Commentary: What the Hoax Papers Tell Us About the Decline of Academic Standards

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by Phillip W. Magness

 

By now, most followers of the higher education press have heard of the “grievance studies” or Sokal Squared hoax.

In this incident, a team of three researchers successfully published several hoax papers on intentionally absurd subjects in ostensibly serious scholarly journals. Their purpose was to demonstrate the susceptibility of these venues to low-quality, ideologically charged “research” that advances left-wing identity politics.

The hoax articles lampooned the academic fashion ability of its chosen subject areas. Samples of the published papers included an article on “rape culture” among dogs in urban dog parks, a piece espousing a theoretical framework for the acceptance of obese bodybuilders, a nonsensical string of computer-generated “therapeutic” political poetry, and even a passage of Mein Kampf repackaged as critical gender theory.

No doubt the hoaxers used the academy’s political inclinations advantageously, and indeed their critics have accused them of an unfair “put down” that targeted scholars of gender and racial discrimination—two worthy areas of academic study that champion historically disadvantaged persons and communities.

Allow me to suggest that both their supporters and critics have largely missed the mark by focusing on the political objectives of the perpetrators.

While identity politics have dominated the fallout discussions, the real lesson of the hoax is what it revealed about the crisis of rigor afflicting academic publishing. The fabricated articles only advanced to publication because decades of lax standards have made academically fashionable nonsense—including other forms of fraudulent work—the norm for celebrated scholarship in several of the humanities and social sciences.

The hoax succeeded precisely because its products were indistinguishable on their face from the type of “serious” scholarship that regularly appears in academic journals.

While the titles of the hoax articles were humorous and cringeworthy, pause to consider how they compare with other forms of “legitimate” research. Is the hoaxers’ intentionally ridiculous flagship product, “Human Reactions to Rape Culture and Queer Performativity in Urban Dog Parks in Portland, Oregon” really all that far removed from the now-notorious “”Glaciers, Gender, and Science: A feminist glaciology framework for global environmental change research?” This 2016 study was published in the No. 2-ranked geography journal with the assistance of a six-figure National Science Foundation grant.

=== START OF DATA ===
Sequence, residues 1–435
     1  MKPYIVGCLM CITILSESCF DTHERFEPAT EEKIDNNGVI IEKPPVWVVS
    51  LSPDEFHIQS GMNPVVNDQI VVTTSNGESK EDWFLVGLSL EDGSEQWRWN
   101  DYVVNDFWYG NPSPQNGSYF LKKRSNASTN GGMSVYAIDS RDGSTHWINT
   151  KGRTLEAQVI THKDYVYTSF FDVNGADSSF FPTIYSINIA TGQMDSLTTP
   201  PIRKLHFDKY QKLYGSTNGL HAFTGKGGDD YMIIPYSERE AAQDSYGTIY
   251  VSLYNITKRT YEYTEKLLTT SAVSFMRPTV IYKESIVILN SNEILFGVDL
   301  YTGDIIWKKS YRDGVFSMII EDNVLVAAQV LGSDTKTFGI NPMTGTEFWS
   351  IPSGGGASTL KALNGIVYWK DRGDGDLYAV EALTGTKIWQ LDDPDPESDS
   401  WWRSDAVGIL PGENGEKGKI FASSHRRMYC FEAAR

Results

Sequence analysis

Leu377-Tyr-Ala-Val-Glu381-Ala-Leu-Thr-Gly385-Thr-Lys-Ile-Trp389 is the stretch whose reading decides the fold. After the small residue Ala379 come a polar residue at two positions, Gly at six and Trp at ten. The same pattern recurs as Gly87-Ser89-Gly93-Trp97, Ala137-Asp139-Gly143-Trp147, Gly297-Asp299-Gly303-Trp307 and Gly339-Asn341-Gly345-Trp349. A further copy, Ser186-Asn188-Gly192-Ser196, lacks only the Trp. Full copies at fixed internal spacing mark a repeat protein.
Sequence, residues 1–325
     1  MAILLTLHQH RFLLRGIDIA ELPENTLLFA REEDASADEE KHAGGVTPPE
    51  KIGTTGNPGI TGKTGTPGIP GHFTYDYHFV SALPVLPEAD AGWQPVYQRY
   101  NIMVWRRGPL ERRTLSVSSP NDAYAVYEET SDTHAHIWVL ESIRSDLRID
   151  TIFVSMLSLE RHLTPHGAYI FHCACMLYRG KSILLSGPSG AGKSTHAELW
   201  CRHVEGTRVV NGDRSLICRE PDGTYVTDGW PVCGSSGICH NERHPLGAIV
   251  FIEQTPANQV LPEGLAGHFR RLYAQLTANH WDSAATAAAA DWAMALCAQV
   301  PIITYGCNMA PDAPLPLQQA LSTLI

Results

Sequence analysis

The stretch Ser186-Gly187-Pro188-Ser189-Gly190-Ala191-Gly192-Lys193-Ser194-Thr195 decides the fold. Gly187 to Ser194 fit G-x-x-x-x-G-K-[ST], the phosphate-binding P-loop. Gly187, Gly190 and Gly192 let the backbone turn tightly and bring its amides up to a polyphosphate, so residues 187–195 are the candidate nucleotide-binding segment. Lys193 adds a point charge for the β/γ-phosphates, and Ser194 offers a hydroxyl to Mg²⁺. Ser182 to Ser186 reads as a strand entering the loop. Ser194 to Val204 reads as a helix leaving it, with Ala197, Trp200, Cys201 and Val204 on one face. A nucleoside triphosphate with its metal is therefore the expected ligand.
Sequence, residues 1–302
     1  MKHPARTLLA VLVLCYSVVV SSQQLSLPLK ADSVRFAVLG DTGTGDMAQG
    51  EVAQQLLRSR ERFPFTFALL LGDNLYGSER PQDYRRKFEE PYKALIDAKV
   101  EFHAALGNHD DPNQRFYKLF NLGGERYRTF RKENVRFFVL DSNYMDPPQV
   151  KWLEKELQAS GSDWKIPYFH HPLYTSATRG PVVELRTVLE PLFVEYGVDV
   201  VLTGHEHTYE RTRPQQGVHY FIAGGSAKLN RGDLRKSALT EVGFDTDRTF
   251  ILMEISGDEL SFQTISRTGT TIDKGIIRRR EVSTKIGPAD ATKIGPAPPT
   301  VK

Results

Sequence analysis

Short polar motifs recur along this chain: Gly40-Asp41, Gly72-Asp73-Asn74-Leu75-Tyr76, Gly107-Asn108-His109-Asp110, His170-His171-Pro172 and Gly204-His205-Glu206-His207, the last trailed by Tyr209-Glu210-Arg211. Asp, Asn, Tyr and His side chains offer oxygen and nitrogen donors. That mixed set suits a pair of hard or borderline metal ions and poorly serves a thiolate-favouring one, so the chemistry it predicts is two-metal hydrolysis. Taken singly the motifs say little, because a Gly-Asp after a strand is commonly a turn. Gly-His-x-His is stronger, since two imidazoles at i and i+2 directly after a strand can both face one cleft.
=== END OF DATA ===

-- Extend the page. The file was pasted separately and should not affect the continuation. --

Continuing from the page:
Examples of similarly bizarre, politically eccentric, and dubious quality works abound in academia.

Earlier this year, a leading peer-reviewed journal in qualitative and interdisciplinary research published an article that purported to be co-authored by the principal investigator’s pet cats (one of which was also deceased). The product stands out as an archetype of the increasingly common world of academic “autoethnography”—essentially a research approach in which a professor records events from his or her daily lived experience and then interprets them through the lenses of post-structuralism, critical theory, or one of many closely related derivatives of academic Marxiness. True to form, that article deployed the intellectually incomprehensible and ethically compromised French literary theorist Jacques Derrida to “interpret” a claimed spiritual communication between the feline co-authors.

Or consider another example from a journal of “Critical Geographies” that in 2016 published an expletive-laden train-of-consciousness tirade against “neoliberalism.” The article’s abstract is entirely representative of its next six pages of text “Yep, f*** it. Neoliberalism sucks. We don’t need it.” What follows is a fury of profane yet content-free ranting against Milton Friedman, Friedrich Hayek, capitalism, free markets, and the Mont Pelerin Society for being the alleged source of all that the author finds wrong with the world.

The explicitly juvenile nature of the project should not obscure a deeper deficiency though. The object of its author’s ire—”neoliberalism”—is itself an intellectually vacuous line of scholarly research that has nonetheless become one of the fashionable buzzwords in humanities scholarship. The word “neoliberal” itself is archaic and boasts few if any modern adherents. Yet it is incessantly deployed in academia with explicitly pejorative purposes—usually as a stand-in term for any economics of a non-Marxian variety.

A full accounting of similarly dubious scholarly outputs in the past five years could easily fill hundreds of pages, but suffice it to say that low-quality and even unintentionally comical research is a commonplace feature of the ivory towers.

The Sokal Squared hoaxers began their quest as an attempt to out-absurd the absurd, yet at most, they only succeeded in a convincing replication of an unfortunate new norm. They attempted parody of a style of writing that, through its own willingly embraced and celebrated devices, has become impossible to parody.